What Does World of Warcraft Have To Do With Your D&D Campaign?

by Wimwick (Neil Ellis) on September 14, 2009

Change is coming to World of Warcraft with the announcement of the new expansion: Cataclysm. Whether you’re familiar with WoW or not change in fantasy games can be a good thing.

With the launch of 4e D&D, Wizards of the Coast brought change to the Forgotten Realms by advancing the timeline almost 100 years. This kind of change is pretty major and significant, but what about the smaller changes. I’m not talking about world breaking change. You don’t need to redefine the geography or have the PCs survive an apocalypse. I’m talking about smaller, subtler change to keep things interesting for the PCs.

When was the last time you brought change to your game?

Let’s look at an example, the PCs return to town and head to the local tavern. They find Sam the bartender waiting for them, the barmaid Carla is only to happy to bring the PCs drinks and there is Woody always happy to help out where needed. Is the scene the same every time the PCs go into the tavern?

Returning to town, after the harrows of exploring a dungeon, is supposed to be a welcome rest for PCs. They are able to restock and head out on their next adventure. But town doesn’t always have to stay the same. By having Woody disappear you can introduce new plot themes. Perhaps Sam was bought out or Carla was kidnapped. How do the PCs react to the news?

This example is a short one, but the point is that by changing what is comfortable for your PCs you keep them on their toes. You keep your campaign fresh and you introduce the possibility of many different adventure paths, which is particularly useful if you’re running a sandbox styled campaign.

What have you done to keep the little details of your campaign fresh? What small amounts of change have you introduced to your game to keep the plot moving? We’d love to hear from you.

{ 4 comments… read them below or add one }

1 Wyatt September 14, 2009 at 1:37 pm

I’m a story sadist, so at some point the players will return to town to find it burnt down, and something crazy and high level laughing it up and making jokes. “I always wondered how people of the surface world burnt!”

But that’s typically towards the end. Before that you get love triangles and kidnappings and things like that.
.-= Wyatt´s last blog ..Monsters of Eden: Those Earthbound =-.

2 Rook September 14, 2009 at 7:33 pm

This is exactly why I started recruiting a player as Chronicler. With a handy record of everyone the PCs know and places they have been, you have a list ready of possible plot hooks. If you greet the home-bound heroes with say a kidnapping scenario and the PCs say “who was kidnapped?”, you kinda loose some of the urgency. But if they return to find a well-known friend kidnapped, then they will get right on it.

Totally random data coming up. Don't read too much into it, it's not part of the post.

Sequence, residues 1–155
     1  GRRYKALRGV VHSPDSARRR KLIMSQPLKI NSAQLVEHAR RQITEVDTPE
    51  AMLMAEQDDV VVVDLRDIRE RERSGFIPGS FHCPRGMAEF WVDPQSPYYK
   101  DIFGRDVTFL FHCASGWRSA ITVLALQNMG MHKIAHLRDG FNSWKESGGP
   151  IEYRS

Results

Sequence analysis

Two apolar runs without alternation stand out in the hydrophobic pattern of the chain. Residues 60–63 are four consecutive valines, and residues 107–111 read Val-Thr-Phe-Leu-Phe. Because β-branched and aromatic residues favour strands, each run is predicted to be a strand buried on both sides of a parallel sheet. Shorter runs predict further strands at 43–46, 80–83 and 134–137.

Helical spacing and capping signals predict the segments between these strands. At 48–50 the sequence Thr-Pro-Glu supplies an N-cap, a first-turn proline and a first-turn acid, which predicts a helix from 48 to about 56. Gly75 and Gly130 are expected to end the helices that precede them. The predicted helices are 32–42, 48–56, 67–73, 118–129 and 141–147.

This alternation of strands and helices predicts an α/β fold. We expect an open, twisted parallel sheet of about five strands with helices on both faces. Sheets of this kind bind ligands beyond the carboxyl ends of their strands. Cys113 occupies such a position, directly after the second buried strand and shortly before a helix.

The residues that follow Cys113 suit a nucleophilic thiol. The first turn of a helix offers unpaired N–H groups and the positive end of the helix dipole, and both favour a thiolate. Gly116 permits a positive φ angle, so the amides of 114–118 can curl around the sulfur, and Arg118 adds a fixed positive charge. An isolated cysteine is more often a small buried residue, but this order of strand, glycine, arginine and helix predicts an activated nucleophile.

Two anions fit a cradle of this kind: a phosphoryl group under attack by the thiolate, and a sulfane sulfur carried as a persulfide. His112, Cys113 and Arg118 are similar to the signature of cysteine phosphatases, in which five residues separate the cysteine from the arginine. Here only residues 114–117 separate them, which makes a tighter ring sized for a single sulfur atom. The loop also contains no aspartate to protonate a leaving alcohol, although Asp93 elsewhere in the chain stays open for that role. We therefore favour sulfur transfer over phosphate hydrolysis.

Anyway, back to the meat of your post, I think its very important to keep things in a constantly moving and malleable state. The town doesn’t freeze in suspended animation when the PCs leave. During their absence is the perfect time to shake things up a bit by planting the seeds of possible new adventure paths.

In my current campaign, the outpost the PCs have decided to call home is in a state of organized chaos. The role of leadership is being fought over by the two most prominent officials, the fate of the outpost itself is up to whether or not the new mine is going to produce the finds they are believed to contain and the jail still holds the corporate spy that infiltrated the outpost and the goblin chief that attacked the town for mysterious reasons. I’m not sure it is wise for the PCs to even leave the outpost for the time being.

Cheers!
.-= Rook´s last blog ..NPCs with Names: the Player’s Obsession =-.

3 Wimwick September 15, 2009 at 11:32 am

@ Wyatt
I love the new avatar! On another note, I agree things need to change. I once had a major NPC get replaced by a changeling. The PCs had no clue and handed over a major quest item for safe keeping. Right into the hands of the villian they were trying to keep it from.

@ Rook
I like the idea of having a player as chronicler. One way we cover this is through a blog dedicated to the campaign. It allows the DM to post relevant updates and for the players to post back stories. Both the DM and players can then go back to it as a reference and use it to develop their characters and the plot further.

4 Rook September 15, 2009 at 4:54 pm

A campaign blog is a great idea! But for my group, it wouldn’t work out as well. None of my players are that interactive on-line. I can barely get people to respond to e-mails. However, for those of you that are, I can see how it really would be a great medium.

Which brings to mind a question. Does anyone use a computer at the gaming table? Where you can use said blog as a reference during play?
.-= Rook´s last blog ..NPCs with Names: the Player’s Obsession =-.

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